Abstract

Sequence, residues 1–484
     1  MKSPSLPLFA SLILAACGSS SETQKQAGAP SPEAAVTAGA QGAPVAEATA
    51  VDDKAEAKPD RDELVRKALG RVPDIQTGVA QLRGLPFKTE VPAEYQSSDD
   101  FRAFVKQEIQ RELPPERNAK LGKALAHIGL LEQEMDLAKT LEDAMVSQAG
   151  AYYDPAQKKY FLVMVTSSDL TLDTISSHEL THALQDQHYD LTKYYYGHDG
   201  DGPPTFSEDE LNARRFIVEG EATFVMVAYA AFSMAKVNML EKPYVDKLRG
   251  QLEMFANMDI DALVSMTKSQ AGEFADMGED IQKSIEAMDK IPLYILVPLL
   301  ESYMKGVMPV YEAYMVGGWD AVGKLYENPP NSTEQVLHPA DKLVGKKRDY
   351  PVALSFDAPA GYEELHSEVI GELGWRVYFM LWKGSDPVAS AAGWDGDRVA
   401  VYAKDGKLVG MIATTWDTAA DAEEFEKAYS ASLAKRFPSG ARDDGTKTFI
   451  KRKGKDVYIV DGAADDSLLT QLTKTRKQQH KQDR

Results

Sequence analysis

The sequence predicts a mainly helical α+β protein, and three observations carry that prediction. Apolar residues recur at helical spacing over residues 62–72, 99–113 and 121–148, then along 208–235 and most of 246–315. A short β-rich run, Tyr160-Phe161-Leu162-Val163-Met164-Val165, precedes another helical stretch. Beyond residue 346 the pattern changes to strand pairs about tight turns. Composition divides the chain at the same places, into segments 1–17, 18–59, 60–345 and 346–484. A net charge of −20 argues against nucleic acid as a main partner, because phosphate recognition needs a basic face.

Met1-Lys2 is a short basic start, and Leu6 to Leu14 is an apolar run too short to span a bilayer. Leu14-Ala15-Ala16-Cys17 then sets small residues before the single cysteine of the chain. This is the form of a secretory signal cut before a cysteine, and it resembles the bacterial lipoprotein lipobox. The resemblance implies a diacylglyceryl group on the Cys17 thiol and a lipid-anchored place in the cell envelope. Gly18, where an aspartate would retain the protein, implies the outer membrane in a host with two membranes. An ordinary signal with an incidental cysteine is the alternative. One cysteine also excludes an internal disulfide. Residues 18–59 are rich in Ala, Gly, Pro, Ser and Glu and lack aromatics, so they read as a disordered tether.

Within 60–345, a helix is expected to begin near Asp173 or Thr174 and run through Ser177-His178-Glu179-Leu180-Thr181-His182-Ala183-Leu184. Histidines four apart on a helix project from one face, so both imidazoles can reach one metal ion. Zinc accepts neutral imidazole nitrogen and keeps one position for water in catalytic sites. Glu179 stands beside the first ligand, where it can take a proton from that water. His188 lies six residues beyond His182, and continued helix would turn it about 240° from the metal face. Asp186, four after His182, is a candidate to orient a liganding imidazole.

A long-term local experiment was designed with the purpose to accurately quantify aerosol parameters needed in order to estimate aerosol climate forcing at an anthropogenically perturbed continental site. Total light-scattering ωλ,bsp and backscattering ωλ,sp coefficients at wavelength λ, the hygroscopic growth factors with respect to scattering, f(RH)λ,s, and the backscatter ratio bλ are the parameters considered in the paper. Reference and controlled relative humidity nephelometry measurements were taken at a ground level field sampling station, located near Bondville Illinois (40°03′12″ N, W 88°22′19″ W). Aerosol particle chemical composition and mass particle size distributions were also measured. The target parameters were also estimated from models. The modeling approach involved a two-step process. In the first step, aerosol properties were parameterized with an approach that made use of a modified thermodynamic equilibrium model, published laboratory measurements of single hygroscopic particle properties, and empirical mixing rules. In the second step, the parameterized aerosol properties were used as inputs into a code that calculate ωλ,sp and ωλ,bsp as functions of λ, RH, particle size, and composition. Comparison between the measured and the modeled results showed that depending on the assumptions, the differences between the modeled and observed results were within 5 to 28% for f(RH)λ,s and within 22-35% for bλ at low RH and 0-20% for bλ at high RH. The temporal variation of the particle size distribution, the equilibrium state of the particles, and the hygroscopicity of the material characterized as residual were the major factors limiting the predictive ability of the models. Copyright 1998 by the American Geophysical Union.

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